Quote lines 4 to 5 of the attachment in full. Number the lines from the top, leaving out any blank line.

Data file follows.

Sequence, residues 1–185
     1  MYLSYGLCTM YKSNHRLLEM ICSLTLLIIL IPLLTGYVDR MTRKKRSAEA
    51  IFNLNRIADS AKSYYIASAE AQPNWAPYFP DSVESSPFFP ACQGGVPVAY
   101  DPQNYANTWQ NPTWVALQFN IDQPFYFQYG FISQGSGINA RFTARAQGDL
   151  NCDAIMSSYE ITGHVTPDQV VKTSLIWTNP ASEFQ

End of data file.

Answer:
   101  DPQNYANTWQ NPTWVALQFN IDQPFYFQYG FISQGSGINA RFTARAQGDL
   151  NCDAIMSSYE ITGHVTPDQV VKTSLIWTNP ASEFQ